Greetings, View fans. Time for more fun with annotated links. Here you go.

The boom-bust-flip phenomenon

New York Times economics reporter Catherine Rampell has a good piece today about the housing market's resurgence and how corporate investors that bought at the trough are making a killing. Nice stat here, from Redfin, an online real estate listings site: "Of the 87,062 foreclosures in the last five years that were bought by corporate investors and have been flipped, about a quarter were sold for at least $100,000 more than what the investor originally paid."

Carl Icahn had Tim Cook over for dinner last night

Icahn said it was "a cordial dinner" with Cook, the chief executive officer of Apple Inc. (The intrigue!) "We pushed hard for a 150 billion buyback. We decided to continue dialogue in about three weeks." So in the old days of corporate raiders, big investors used to buy new stakes, call up companies and demand to be paid greenmail to go away. Now some of them are dubbed "activists," and they call companies and demand large share buybacks to go away. As long as Icahn gets paid, he'll be happy.

A New Jersey auditor gets whacked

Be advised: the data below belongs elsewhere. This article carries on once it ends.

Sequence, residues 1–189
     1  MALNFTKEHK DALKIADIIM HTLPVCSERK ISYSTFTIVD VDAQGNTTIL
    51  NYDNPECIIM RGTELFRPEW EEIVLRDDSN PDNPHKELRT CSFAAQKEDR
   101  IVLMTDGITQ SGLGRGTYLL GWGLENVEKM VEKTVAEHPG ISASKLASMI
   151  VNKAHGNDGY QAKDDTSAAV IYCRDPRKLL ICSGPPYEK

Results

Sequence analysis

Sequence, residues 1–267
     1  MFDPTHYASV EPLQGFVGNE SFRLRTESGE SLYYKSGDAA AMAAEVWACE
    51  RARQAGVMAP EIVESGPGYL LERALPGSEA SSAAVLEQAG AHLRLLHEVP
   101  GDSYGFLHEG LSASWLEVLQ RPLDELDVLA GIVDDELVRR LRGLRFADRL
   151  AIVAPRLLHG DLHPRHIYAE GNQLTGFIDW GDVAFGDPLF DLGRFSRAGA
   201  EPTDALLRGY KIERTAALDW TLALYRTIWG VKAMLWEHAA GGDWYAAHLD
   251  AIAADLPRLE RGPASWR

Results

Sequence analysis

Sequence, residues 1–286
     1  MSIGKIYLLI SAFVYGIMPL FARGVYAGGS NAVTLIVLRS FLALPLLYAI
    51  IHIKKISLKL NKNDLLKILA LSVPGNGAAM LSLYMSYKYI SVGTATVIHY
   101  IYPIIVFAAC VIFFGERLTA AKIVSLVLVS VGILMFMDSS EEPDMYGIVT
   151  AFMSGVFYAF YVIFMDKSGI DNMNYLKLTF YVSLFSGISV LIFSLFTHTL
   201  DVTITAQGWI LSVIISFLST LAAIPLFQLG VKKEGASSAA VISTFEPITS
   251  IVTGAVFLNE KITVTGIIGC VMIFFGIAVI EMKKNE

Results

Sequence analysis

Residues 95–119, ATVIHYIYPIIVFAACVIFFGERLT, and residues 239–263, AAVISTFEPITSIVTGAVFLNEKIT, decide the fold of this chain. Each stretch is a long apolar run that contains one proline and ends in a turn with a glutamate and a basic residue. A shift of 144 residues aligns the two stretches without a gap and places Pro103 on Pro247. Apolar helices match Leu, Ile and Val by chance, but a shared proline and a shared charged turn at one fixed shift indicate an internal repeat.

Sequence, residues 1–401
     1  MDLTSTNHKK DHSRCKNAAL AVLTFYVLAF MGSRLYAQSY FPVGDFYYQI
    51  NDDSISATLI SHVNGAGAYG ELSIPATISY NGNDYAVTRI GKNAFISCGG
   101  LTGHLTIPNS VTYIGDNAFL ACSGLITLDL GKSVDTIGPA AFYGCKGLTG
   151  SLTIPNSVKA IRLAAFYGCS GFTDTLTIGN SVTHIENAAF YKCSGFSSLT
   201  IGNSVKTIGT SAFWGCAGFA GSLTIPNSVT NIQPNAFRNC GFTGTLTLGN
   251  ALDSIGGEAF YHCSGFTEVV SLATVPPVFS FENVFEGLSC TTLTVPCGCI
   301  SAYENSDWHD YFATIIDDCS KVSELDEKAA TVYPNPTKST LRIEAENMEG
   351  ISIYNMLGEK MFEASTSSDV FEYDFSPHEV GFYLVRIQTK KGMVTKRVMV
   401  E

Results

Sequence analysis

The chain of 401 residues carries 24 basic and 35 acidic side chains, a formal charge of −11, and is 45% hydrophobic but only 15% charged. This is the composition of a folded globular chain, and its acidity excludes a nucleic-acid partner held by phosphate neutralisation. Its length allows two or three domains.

Paul Gillis, who writes the China Accounting Blog, has a good piece about the Securities and Exchange Commission's settlement with a New Jersey accounting firm, Patricio & Zhao, which was banned from auditing U.S.-listed companies for three years because of shoddy work for a Chinese reverse-merger called Keyuan Petrochemicals. He notes the Public Company Accounting Oversight Board inspected the firm a few years ago and found lots of problems, "yet until yesterday the firm continued to audit U.S. listed companies. And it was the SEC, not the PCAOB, which pulled the plug" on the firm. Plus, "we don't even know if the PCAOB was in the process of jerking P&Z's registration," because of federal secrecy laws. "Congress needs to remove these restrictions and allow the PCAOB to warn the investing public of substandard audits," he writes. And he's right.

Jeffrey Gundlach becomes an ATM for bond-fund investors

From Alexis Leondis of Bloomberg News: "Jeffrey Gundlach's DoubleLine Total Return Bond Fund, which has beaten 97 percent of rivals over the past three years, had its biggest net withdrawals as investors continued to flee bonds for the fourth straight month. Clients pulled an estimated $2.1 billion from the $35.1 billion fund in September, according to research firm Morningstar Inc." They figure the Fed has to start tapering its bond purchases sometime, even if it waits until after Ben Bernanke leaves office.

Good thing we have the Onion on a day like today

The nation has survived the government shutdown's first day and the start of Obamacare. The Onion, America's finest news source, has a Q&A explaining how the new health insurance exchanges work. For instance, how will your day-to-day life be affected under this plan? Easy: "Imagine a world with one big safety net there to catch you. Now get out there and buy that motorcycle!"

(Jonathan Weil is a Bloomberg View columnist. Follow him on Twitter.)